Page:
If you can produce CE documentation it can make a significant difference to the value of an item, normally adding between five and ten per cent to the sale value. Also, make sure the machine has proper ID, ensuring the Serial Plate is visible and true.

Lastly, if selling commercial vehicles, vans, cars and 4x4’s, please always ensure the vehicle is sent to auction with the registration document, as the vehicle will not be bought by overseas buyers without it.

4 - Keep It Clean

We accept that earth moving equipment has a job to do and that is a dirty job.  However, if a machine looks tidy, the chances are it has been treated well. With scores of similar machines going over the auctioneer’s ramp, what is going to entice bidders to pay the best money for yours? A tidy machine that looks right!

A clean machine looks like a loved machine, one that the seller was proud to own. First tip - always clean out the cab, wash the floor, jet wash floor mats and clean the windows. A clean machine is a piece of plant a buyer would be proud to own and operate.

Muck and dirt may also be seen as a way of hiding something. This may make a buyer suspicious. If your machine is in good order and there is nothing to hide, clean off the muck. This simple action will increase the price.

5 – Bells & Whistles

Sometimes the little things can make the biggest difference. Broken or missing mirrors can be seen as an irritation or a nuisance, as can broken light casings or lenses. Make sure all light bulbs work and fuses are complete. Missing windscreen wiper blades shows a lack of love for the machine, as does cracked or damaged cab glass.

6 – Fuel, Filters & Battery

Always make sure that the battery is fully charged and the fuel tank is half full. This gives the prospective buyer a chance to ‘turn’ the machine over on his pre-auction inspection.  If a machine starts on the button first time, the prospective buyer feels good about bidding. It is also worth renewing fuel filters, as a blocked filter may hamper the starting of the engine.

7 – Touch Up

Ensuring a machine is tidy will grab the eye of the buyer. Repairing or covering knocks, bumps and scratches is fast, simple and effective and can make a great difference to the  overall look of the machine.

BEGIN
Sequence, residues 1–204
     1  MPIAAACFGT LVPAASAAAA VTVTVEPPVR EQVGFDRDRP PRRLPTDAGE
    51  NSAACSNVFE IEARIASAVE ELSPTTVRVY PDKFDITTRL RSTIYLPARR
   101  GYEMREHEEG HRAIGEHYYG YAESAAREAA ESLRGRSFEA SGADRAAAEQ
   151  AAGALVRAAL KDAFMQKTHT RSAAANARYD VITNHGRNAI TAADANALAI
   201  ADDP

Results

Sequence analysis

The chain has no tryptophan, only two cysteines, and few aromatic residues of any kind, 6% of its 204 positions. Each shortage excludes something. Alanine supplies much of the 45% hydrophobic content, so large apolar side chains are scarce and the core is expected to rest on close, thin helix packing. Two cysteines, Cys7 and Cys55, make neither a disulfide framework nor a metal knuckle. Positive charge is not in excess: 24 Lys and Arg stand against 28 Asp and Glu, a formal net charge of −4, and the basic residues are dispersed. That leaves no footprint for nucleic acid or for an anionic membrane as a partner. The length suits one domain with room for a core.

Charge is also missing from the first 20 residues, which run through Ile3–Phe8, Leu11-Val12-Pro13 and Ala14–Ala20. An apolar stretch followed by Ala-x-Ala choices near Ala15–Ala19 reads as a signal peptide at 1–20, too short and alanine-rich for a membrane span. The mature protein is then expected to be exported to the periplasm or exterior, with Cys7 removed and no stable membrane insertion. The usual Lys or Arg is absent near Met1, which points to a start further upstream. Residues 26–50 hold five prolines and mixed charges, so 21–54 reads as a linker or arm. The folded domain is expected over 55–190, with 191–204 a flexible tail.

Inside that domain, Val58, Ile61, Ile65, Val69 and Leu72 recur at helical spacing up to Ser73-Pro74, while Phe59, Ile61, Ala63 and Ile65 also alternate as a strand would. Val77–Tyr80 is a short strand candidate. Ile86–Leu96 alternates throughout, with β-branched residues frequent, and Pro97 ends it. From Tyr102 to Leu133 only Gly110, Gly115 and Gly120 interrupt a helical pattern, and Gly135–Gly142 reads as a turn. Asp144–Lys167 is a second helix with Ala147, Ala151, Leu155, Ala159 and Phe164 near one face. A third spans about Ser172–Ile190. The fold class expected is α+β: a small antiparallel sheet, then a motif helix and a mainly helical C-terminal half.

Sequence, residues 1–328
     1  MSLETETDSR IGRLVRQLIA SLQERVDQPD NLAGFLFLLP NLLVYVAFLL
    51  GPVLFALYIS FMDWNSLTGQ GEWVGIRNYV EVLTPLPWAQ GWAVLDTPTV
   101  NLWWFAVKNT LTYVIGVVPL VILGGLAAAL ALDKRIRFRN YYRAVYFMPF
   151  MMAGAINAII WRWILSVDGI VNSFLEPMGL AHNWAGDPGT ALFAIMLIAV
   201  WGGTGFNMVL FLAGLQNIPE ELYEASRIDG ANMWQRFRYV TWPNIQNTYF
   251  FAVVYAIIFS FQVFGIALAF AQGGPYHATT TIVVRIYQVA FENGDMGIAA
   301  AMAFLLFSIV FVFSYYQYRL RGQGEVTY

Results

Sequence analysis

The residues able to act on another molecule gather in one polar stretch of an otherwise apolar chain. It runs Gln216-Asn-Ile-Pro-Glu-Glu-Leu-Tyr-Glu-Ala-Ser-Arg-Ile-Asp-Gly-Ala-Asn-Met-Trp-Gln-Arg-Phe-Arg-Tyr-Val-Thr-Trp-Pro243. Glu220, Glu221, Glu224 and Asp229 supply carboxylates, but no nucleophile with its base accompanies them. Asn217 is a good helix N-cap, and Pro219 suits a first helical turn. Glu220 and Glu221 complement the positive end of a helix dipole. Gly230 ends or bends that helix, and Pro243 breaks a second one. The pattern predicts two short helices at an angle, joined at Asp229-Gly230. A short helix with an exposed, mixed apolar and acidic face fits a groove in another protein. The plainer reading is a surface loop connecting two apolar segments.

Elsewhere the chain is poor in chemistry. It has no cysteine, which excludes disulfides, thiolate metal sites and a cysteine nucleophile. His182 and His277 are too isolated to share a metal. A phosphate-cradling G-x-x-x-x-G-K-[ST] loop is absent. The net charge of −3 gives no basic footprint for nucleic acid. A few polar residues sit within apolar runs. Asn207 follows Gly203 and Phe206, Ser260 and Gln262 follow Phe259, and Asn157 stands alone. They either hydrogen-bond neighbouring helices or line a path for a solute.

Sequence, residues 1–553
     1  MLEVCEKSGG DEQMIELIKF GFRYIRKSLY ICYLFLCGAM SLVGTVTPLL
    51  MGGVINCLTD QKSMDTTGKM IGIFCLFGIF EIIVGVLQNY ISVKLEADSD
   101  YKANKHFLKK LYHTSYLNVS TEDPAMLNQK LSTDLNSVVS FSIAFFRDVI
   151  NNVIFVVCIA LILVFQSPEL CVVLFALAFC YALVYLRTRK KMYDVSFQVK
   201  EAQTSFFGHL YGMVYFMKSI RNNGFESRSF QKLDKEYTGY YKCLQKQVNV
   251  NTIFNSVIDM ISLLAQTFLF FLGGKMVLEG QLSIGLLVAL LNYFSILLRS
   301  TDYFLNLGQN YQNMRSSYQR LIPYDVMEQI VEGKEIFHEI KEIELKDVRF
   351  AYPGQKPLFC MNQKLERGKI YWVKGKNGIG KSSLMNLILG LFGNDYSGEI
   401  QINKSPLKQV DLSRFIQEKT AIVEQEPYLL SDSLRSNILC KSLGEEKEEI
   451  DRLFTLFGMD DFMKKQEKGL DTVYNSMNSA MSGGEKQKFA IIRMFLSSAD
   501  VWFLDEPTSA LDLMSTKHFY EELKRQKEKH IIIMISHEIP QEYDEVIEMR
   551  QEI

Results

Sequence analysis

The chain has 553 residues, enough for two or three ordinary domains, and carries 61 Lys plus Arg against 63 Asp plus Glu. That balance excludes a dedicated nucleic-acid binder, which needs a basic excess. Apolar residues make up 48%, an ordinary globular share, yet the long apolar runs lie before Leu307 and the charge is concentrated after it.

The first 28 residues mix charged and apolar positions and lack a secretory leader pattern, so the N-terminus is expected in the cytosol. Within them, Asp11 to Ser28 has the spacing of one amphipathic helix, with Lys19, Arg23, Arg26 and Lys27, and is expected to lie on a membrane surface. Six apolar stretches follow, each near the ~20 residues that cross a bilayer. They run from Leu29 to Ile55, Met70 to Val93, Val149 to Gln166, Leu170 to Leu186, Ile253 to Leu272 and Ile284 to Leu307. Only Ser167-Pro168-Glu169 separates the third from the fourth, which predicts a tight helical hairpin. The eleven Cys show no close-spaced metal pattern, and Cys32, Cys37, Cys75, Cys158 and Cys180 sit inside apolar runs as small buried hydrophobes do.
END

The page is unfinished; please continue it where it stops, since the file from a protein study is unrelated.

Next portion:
8 - Dry & Drip Free

No one likes to see a machine dripping in oil and fluid. Alarm bells sound immediately that rams and hoses may be damaged, pumps may be shot and seals may be worn. A cursory inspection of your piece of equipment and carrying out the necessary repairs before the sale will ensure its doesn’t sit in a puddle of oil spelling TROUBLE in capital letters. Buyers will not just mark the machine down by the estimated cost of the repairs, but will add in the ‘hassle’ factor as well.

9 – Tyres & Wheels

Like buying a car, a good set of tyres can clinch the deal.  Dump trucks, telehandlers, rubber ducks and wheeled loaders can be heavy on tyres, especially if the machine in question has been operating in a quarry.

Firstly, make sure tyres on each axle match. Better still; if possible, make sure tyres match all round. Don’t be tempted to put a mismatched set on just to make up the numbers. Try to fit a good branded set, such as Goodyear or Bridgestone. Don’t be tempted to fit cheap tyres, as this does not bode well.

One common mistake is to take off a set that has over 50% life left in them, replacing them with a fully worn set. Don’t, as this will reduce the sale price of the machine by the cost of a set of tyres and potential by the cost of a new set of tyres. Lastly, look out for punctures. A machine will sit badly with a puncture which will make for a bad photograph in the catalogue and on the internet.

Take care of wheels. Heavy work may damage the rims. Ensure wheels are clean and true. Painting wheels is an option, but a good clean set is acceptable and preferable.

10 - Attachments

The lack of good attachments can let a good machine down. This could make the difference between one or two last bids, which could amount to a couple of thousand £’s for the sake of a little bit of thought.

Ensure all machines have good attachments.  Ensure buckets are good and have good teeth. Where possible, present the machine with a full set of buckets. This will draw the eye of the bidder that is looking for a machine for his own use.

Summary

These are my top ten tips for getting the best price for your machine, however, if you don’t cover all of them, don’t worry.  At Euro Auctions we have services to help you achieve the best possible price for your equipment, including washing, painting and refurbishment.  We have seventeen major auctions in 2011 in Northern Ireland, the UK, Spain and Germany so there is plenty of time to get your earthmovers ready for auction!

 

Cathal Doherty
Territory Manager - Ireland
Euro Auctions
00353 (0) 86 217 6148
cdoherty@euroauctions.com
www.euroauctions.com